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Healthcare

Healthcare

Governments around the world spend vast amounts of taxpayer’s money on complex healthcare systems, with varying degrees of success and disturbingly high rates of failure. Often, results achieved remain extremely poor, in relation to the enormous per capita expenditure.

Higher government spending certainly does not guarantee a correspondingly high quality of healthcare provision. Evidence of this disparity can be extracted from various global rankings, which rate the healthcare provision in most countries worldwide. 

Cost effectiveness and efficiency clearly exert a significant influence over the outcome of services provided. Monopolies, artificially inflated drug prices, complex mechanisms for the approval of new drugs, and the restricted movement of medical professionals, all contribute to lowering the standards of healthcare.

Comparison of global health systems

The United States normally ranks as one of the nations which spends the most, per capita, on healthcare, but produces very poor health outcomes in relation to this level of expenditure. In the United Kingdom, spending is lower but with better results, despite long waiting lists for treatment, in a system completely funded by taxation and capped by government regulation. 

France is usually at the top of the rankings, with the best outcome in relation to expenditure. Basic government provision is provided alongside private medical insurance, in a system that even covers homeopathic medication.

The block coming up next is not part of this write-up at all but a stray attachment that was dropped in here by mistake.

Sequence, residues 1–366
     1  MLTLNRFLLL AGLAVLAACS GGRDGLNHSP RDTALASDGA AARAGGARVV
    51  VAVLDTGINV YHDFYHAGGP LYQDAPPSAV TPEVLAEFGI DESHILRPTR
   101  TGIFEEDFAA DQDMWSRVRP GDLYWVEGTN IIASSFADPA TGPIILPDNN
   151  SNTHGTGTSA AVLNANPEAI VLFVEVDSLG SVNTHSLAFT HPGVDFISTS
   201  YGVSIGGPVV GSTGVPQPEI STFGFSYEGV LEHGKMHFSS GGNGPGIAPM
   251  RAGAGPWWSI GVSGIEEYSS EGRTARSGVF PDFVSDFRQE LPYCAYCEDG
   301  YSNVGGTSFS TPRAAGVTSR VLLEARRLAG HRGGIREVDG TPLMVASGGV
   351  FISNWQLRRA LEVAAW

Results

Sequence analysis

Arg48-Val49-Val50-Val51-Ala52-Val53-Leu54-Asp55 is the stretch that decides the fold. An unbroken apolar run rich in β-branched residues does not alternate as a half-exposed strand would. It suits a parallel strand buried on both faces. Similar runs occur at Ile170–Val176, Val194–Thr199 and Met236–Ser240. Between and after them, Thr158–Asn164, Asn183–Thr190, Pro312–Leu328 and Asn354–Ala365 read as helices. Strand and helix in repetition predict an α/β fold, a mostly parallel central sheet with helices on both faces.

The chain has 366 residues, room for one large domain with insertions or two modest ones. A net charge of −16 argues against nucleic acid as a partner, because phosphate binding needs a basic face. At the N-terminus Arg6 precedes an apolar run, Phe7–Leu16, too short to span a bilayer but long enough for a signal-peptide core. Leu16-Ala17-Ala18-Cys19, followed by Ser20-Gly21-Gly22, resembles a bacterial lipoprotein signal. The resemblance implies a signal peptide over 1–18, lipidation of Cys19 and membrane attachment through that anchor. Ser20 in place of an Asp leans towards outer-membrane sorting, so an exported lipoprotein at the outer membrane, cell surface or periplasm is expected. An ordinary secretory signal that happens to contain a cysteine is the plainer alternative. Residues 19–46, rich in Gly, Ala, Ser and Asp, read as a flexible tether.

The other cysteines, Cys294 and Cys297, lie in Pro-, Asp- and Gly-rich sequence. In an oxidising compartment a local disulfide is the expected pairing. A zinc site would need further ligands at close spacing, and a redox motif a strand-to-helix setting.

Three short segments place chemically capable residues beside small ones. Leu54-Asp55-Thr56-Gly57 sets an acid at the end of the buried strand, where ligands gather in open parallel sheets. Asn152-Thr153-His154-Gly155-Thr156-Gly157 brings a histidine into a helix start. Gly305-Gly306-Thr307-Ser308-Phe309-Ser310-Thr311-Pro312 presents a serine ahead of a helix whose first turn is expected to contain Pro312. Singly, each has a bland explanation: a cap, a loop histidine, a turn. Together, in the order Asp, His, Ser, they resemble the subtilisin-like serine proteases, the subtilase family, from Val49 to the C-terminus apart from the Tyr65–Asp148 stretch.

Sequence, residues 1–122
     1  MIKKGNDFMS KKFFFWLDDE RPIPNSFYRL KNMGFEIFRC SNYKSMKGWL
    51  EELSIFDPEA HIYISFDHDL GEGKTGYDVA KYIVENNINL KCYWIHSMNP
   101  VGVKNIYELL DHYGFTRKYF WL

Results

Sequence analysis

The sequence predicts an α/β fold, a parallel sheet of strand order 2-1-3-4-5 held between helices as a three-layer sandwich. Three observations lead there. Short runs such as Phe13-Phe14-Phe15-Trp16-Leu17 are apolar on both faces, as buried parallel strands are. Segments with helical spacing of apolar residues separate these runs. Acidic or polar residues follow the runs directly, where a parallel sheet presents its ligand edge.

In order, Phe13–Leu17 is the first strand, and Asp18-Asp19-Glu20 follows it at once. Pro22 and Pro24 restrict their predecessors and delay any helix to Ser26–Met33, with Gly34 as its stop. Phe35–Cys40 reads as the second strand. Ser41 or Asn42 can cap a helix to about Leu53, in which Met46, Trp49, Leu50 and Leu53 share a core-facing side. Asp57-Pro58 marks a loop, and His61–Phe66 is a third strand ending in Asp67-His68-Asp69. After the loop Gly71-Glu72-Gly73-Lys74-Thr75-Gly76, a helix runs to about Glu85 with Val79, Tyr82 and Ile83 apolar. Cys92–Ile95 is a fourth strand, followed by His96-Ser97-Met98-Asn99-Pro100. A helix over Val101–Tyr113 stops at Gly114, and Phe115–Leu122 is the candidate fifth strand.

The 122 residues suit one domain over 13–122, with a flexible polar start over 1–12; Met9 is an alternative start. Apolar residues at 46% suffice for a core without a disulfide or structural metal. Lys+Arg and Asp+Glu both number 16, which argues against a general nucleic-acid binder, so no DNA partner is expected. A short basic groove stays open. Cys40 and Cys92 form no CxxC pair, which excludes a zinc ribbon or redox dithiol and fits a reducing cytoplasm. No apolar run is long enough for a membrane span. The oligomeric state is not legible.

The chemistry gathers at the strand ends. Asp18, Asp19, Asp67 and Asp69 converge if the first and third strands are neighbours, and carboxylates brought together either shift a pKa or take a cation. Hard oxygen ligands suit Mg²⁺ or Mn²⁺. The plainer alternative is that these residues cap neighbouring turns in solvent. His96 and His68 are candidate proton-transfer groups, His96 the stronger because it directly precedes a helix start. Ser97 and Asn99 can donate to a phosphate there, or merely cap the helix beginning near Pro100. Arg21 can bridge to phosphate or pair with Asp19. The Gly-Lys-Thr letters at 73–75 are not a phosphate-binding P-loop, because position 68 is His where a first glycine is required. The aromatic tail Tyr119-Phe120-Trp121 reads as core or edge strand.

Healthcare expenditure in the U.S currently consists of around 17.5% of GDP and if it continued to rise at its current rate, would reach 48% of GDP by 2050, which would be completely unsustainable. Given the lack of efficiency the system produces, it is vital to look at the reasons why it is underperforming in comparison with so many other developed countries worldwide.

Problems with healthcare systems

Government intervention is at the root of the most serious problems faced by healthcare systems. In the United States, government subsidies towards insurance can cause distortions in healthcare provision. Health insurance can lead to increasing demand for health services, which may not improve outcomes. 

Doctors and patients can overconsume in terms of diagnostic tests, since someone else is bearing the cost. If the government is paying, restrictions will start to be enforced in relation to what is approved or not, based on cost-cutting measures rather than medical benefits.

Monopolies in the drug industry are detrimental to the efficiency of any health system, as they tend to produce treatments that will make profits, and the lack of competition leads to inflated prices.

Complex drug approval systems for new drugs can increase the likelihood of monopolies forming and can significantly increase delays in the availability of new drugs, through an over-cautious approach. 

The FDA is an example of a system in need of a major overhaul, if not complete abolition. Fear over repercussions for problems with new drugs can encourage the FDA to wait longer than necessary before releasing drugs.